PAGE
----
You mentioned downloading the chain.  Well, when I did it a year ago, it took the chain 28 days to download with bootstrap.  That was at 16gb.  The chain has since doubled, so it would take much longer.  So, import seems the only way to go and the only reason I would decide against changing the version in fear it may mess up the chainstate.  Guess I will find out.  Smiley   (The big issue was that I could not use the blockchain/chainstate data from a Windows or std linux install, because the "Berkeley DB v4.8" implementation (as explained to me) was different and it made the files incompatible.

Also, in the other thread, you asked about how to change the data directory.
the command is:  -datadir=dir.
example:   bitcoind -datadir=/tmp

With the Pi; however, I would suggest the method I used.

Simple, I use the SDslot simply as the boot device (256mb card is plenty), and have it boot to the OS on the external drive (usb).
To further save power and time, I use a micro SSD drive (64GB (which obviously will have to upgraded at the rate the blockchain is increasing and assuming the Pi will continue to work for bitcoind)) so that no more power is needed - because it is supplied via USB.
Using an external drive for the OS also means you don't have to worry about the data directory since the main drive is the full external (by default).

Also, I have this running on a Solid-Run CuBox-i4Pro  (That was an entirely different headache but way faster than the Pi). 



using sdcard is not recommended, they will tear off and die, no matter what size you use.

Be sure to move /tmp /tmpfs /var (or any folder that constantly needs writing) from sdcard and mount your external hdd on /home/user/ and then proceed to install the blockchain there

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January 20, 2015, 01:27:29 PM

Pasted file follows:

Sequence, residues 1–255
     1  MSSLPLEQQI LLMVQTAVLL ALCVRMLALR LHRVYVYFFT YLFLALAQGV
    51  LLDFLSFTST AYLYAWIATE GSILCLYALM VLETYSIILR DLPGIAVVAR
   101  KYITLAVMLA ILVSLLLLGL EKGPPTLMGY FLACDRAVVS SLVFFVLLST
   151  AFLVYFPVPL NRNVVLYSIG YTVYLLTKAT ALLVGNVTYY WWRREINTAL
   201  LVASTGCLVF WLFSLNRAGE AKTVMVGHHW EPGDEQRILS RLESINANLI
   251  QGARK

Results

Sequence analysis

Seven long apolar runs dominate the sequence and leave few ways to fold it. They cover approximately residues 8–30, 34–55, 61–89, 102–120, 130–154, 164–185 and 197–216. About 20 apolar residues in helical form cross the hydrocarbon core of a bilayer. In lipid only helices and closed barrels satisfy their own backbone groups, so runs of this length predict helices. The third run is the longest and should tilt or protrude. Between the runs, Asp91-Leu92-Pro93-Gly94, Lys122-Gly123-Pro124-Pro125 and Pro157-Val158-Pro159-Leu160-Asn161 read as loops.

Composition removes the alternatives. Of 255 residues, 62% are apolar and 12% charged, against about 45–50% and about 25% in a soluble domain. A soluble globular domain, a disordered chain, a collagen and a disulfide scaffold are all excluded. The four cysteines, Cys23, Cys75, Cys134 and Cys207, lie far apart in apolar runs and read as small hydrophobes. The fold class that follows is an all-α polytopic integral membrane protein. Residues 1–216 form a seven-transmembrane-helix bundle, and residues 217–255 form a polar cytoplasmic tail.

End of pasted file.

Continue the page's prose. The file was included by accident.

#11

Here is how I compiled the latest stable version of bitcoind (v0.10.0rc2 at the time of writing) on my Raspberry Pi.

Firstly I installed Raspbian on an SD Card. I'm doing this as a proof of concept, so I'm using a 64GB SD Card just to prove that it works. In future, the blockchain won't fit on a 64GB SD Card, so I'll either migrate to a larger SD Card or move the blockchain over to an external hard drive (more likely, as this is the cheaper option).
....

While the laptop was unpacking bootstrap.dat to create a local copy of the blockchain, the CPU usage was pretty high. I suspect this step would take a long time on the Raspberry Pi (and may need more RAM too).


Nice to see a thread that keeps updating the Pi setup.  I run 3 full nodes on them.  (Thanks for the link to this thread from the other)

I will be updating to .10.orc2 this weekend.

You mentioned downloading the chain.  Well, when I did it a year ago, it took the chain 28 days to download with bootstrap.  That was at 16gb.  The chain has since doubled, so it would take much longer.  So, import seems the only way to go and the only reason I would decide against changing the version in fear it may mess up the chainstate.  Guess I will find out.  Smiley   (The big issue was that I could not use the blockchain/chainstate data from a Windows or std linux install, because the "Berkeley DB v4.8" implementation (as explained to me) was different and it made the files incompatible.

Also, in the other thread, you asked about how to change the data directory.
the command is:  -datadir=dir.
example:   bitcoind -datadir=/tmp

With the Pi; however, I would suggest the method I used.

Simple, I use the SDslot simply as the boot device (256mb card is plenty), and have it boot to the OS on the external drive (usb).
To further save power and time, I use a micro SSD drive (64GB (which obviously will have to upgraded at the rate the blockchain is increasing and assuming the Pi will continue to work for bitcoind)) so that no more power is needed - because it is supplied via USB.
Using an external drive for the OS also means you don't have to worry about the data directory since the main drive is the full external (by default).

Also, I have this running on a Solid-Run CuBox-i4Pro  (That was an entirely different headache but way faster than the Pi). 



using sdcard is not recommended, they will tear off and die, no matter what size you use.

Be sure to move /tmp /tmpfs /var (or any folder that constantly needs writing) from sdcard and mount your external hdd on /home/user/ and then proceed to install the blockchain there



Total fucking Linux noob here man, how would you go about doing such a thing? I've interested Smiley

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January 20, 2015, 01:45:38 PM
 #12

You can get the Armory bundle here for Rasberry Pi, it might be easier to install and run than the bitcoind https://bitcoinarmory.com/download/
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January 23, 2015, 06:43:23 AM
 #13

Zelek Uther

With Wheezy release from 12/24/14 (newest at this time), your steps work except...
yum install libtools